Tuesday, September 27, 2022
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    Politics, not doctors, place transgender children at risk

    Gender-affirming care is not child abuse. So say experts from the nation’s leading organizations in the prevention and treatment of child abuse and neglect, including the American Professional Society on the Abuse of Children and our nation’s oldest academic center in the field, the Kempe Center.

    These are just two of numerous medical, legal, and child welfare organizations that recently offered their expertise to the Texas courts in Doe vs. Abbott, a lawsuit brought by a family challenging a directive by the Texas governor, Greg Abbott, ordering that state’s child welfare agency to investigate all families seeking gender-affirming care for their children and all doctors providing it.

    The Texas Supreme Court recently sided with the family in Doe v. Abbott. The court made very clear that there was no legal basis for either the governor’s directive nor the attorney general opinion on which it was based.

    Elsewhere in Texas, another court defended a doctor’s right to provide gender-affirming care, at least for now. And a federal court in Alabama granted an injunction barring enforcement of the provision of a new state law that bans medication therapies. In that opinion, the court made clear that its decision was informed by expert medical opinion, not political grandstanding.

    At a time when political divisions and partisanship threaten to upend society, it is more important than ever to ensure that social policies are informed by research and evidence, not misinformation and hysteria, especially when it comes to children in their formative years. Thus, Yale faculty published a report refuting point-by-point the allegation that gender-affirming care is child abuse and the American Academy of Pediatrics filed an amicus brief in Texas explaining that gender-affirming care for youth is, in fact, life-saving medical care, supported by every major health care association in the United States.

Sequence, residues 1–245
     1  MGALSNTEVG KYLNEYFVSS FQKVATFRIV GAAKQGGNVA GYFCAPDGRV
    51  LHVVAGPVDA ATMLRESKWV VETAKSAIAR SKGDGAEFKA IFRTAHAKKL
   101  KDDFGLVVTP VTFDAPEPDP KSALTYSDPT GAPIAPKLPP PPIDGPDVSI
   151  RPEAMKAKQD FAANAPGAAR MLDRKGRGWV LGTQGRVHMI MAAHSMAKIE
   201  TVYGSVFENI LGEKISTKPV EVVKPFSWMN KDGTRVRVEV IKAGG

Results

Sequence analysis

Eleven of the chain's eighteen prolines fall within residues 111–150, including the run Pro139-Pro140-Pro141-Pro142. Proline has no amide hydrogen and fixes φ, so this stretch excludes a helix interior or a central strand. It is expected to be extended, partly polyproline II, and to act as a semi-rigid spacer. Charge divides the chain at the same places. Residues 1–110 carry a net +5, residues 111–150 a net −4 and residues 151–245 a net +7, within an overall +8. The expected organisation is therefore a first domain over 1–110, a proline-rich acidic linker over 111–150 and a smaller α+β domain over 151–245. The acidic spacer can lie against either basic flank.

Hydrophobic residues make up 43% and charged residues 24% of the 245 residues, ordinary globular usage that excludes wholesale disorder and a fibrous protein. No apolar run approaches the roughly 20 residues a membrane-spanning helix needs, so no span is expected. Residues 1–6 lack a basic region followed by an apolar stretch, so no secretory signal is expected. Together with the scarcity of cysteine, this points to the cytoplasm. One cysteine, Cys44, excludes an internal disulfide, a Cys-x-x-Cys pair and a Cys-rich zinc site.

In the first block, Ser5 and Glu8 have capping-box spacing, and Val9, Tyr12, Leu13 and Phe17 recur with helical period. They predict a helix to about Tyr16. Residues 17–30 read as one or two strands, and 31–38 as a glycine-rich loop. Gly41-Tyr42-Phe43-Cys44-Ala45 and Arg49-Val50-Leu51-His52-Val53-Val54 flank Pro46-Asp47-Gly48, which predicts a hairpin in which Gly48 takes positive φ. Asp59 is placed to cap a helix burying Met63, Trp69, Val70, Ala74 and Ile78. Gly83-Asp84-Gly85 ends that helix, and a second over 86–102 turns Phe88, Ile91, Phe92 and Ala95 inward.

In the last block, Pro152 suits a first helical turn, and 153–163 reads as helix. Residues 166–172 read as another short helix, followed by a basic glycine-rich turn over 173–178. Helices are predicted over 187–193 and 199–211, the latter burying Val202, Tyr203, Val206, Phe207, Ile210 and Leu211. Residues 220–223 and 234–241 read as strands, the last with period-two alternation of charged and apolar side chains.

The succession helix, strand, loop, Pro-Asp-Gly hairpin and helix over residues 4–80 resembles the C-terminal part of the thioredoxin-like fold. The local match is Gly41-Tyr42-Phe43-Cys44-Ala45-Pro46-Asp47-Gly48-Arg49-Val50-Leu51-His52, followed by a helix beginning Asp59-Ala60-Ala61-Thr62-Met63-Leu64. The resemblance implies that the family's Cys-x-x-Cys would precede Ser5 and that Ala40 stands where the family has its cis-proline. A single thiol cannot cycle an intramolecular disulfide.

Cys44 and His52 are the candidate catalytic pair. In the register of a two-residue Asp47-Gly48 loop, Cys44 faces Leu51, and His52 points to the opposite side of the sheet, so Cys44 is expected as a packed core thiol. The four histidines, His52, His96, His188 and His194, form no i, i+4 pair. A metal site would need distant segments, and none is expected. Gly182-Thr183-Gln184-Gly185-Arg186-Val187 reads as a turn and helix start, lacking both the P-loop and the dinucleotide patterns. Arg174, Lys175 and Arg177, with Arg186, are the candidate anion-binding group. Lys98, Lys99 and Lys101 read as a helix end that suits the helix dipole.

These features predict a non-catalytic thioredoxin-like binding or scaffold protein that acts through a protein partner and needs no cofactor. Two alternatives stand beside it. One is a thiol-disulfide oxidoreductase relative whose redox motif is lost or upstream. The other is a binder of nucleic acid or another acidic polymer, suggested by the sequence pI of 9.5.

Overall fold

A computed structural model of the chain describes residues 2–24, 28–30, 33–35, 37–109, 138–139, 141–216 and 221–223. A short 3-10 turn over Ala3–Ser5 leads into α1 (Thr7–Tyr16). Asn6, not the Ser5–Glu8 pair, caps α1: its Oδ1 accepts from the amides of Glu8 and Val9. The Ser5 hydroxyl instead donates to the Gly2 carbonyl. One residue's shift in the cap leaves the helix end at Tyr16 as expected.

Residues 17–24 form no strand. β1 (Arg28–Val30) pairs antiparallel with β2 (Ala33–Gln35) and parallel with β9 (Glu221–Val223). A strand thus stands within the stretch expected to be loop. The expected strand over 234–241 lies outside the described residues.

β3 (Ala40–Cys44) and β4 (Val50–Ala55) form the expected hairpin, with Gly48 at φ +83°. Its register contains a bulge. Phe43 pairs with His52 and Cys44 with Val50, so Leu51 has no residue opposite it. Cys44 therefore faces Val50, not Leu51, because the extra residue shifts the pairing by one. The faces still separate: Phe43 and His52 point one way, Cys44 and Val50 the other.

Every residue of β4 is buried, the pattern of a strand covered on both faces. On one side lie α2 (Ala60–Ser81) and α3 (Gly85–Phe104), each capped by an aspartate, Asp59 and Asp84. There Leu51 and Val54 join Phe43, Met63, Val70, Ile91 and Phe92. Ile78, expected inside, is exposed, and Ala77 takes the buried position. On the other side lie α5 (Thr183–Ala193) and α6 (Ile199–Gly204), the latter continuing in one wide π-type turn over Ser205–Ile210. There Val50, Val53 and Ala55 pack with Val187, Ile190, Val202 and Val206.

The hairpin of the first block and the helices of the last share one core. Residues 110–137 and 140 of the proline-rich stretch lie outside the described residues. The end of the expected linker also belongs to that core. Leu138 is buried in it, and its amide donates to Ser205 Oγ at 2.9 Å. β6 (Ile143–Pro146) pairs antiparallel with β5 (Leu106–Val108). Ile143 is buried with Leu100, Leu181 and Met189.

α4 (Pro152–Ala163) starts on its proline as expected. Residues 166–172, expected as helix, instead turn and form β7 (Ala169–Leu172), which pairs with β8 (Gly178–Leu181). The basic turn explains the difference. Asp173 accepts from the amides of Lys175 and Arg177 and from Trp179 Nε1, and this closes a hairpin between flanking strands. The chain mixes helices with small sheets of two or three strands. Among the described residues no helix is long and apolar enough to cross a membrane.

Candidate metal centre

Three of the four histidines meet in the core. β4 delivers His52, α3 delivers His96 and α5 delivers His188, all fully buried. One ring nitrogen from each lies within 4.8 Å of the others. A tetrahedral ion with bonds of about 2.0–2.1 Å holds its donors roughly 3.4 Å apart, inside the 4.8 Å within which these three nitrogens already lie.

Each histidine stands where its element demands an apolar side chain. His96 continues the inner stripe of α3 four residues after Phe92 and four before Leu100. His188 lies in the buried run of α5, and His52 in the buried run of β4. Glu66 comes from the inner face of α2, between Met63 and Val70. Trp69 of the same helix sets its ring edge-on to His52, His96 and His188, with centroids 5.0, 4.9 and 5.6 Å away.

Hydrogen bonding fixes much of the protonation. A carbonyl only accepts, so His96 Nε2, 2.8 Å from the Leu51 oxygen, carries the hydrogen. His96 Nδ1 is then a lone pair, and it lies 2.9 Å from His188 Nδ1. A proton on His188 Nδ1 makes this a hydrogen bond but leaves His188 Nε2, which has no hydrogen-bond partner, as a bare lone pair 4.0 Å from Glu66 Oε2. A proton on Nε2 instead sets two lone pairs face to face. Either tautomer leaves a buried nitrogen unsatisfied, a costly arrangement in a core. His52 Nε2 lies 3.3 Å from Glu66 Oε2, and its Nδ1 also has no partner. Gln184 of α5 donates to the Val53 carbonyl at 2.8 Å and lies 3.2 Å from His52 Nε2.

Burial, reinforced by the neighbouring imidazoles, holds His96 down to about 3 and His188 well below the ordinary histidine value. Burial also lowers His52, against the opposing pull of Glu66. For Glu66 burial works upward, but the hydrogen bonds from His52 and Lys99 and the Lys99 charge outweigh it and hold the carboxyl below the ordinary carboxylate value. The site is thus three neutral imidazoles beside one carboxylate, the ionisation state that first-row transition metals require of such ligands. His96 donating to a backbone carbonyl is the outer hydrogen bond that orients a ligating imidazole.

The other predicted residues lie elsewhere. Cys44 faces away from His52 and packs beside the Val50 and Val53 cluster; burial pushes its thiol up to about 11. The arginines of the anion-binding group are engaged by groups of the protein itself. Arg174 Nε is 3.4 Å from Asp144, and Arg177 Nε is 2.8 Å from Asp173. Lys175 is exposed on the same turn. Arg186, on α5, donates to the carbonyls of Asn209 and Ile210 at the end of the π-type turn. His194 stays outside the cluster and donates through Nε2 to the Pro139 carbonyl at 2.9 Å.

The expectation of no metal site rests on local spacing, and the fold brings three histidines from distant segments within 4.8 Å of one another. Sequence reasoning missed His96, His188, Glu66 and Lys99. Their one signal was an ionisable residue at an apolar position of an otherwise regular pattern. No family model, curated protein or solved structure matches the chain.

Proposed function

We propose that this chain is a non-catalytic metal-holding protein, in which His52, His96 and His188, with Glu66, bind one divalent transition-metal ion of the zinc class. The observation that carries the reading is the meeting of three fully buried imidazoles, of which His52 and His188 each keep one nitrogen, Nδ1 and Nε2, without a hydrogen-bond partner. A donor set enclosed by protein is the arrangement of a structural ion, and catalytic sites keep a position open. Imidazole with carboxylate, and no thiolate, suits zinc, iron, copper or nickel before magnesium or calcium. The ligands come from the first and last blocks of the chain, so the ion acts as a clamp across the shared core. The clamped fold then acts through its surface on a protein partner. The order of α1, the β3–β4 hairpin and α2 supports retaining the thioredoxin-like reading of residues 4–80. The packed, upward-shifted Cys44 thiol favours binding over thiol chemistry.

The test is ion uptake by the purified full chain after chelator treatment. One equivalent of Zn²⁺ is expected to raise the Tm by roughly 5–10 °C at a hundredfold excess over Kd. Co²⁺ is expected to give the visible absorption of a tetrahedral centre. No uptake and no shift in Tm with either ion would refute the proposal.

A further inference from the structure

When the research is examined, one learns that transgender identity is relatively common. Almost one in 150 Americans ages 13-17 are transgender, according to data from the Behavioral Risk Factor Surveillance System . No wonder the American Medical Association advised U.S. governors that trans and non-binary gender identities are “normal variations of human identity and expression.”

    It appears that transgender identities are not the issue, but rather their social and political rejection by some. The growing body of research shows that gender-diverse youth who are supported in their identity follow gender development profiles similar to cisgender youth. Indeed, research shows that transgender youth are relatively normal teenagers with similar levels of self-esteem and depression compared to cisgender youth when their identities are affirmed by their families, friends, and communities.

    However, when transgender youth do not receive affirming love and care, they suffer. According to a survey just released by The Trevor Project, 94% of LGBTQ youth reported in 2022 that current political attacks were taking a toll on their mental health. Over half of America’s gender-diverse youth have seriously considered suicide in the past year. Having one affirming adult in their life cuts the risk of suicide by 30%.

    If we as a society are truly committed to the prevention of child abuse, let’s stop using politics to attack kids and instead start trying to understand and accept them, shall we?

    Warren Binford is professor of pediatrics, professor of law, and the W.H. Lea Endowed Chair for Justice in Pediatric Law, Policy & Ethics at the University of Colorado. Mary Kelly Persyn is a child advocate and attorney who chairs the Amicus Committee of the American Professional Society on the Abuse of Children. These opinions are individually held and are not made on behalf of their respective institutions.

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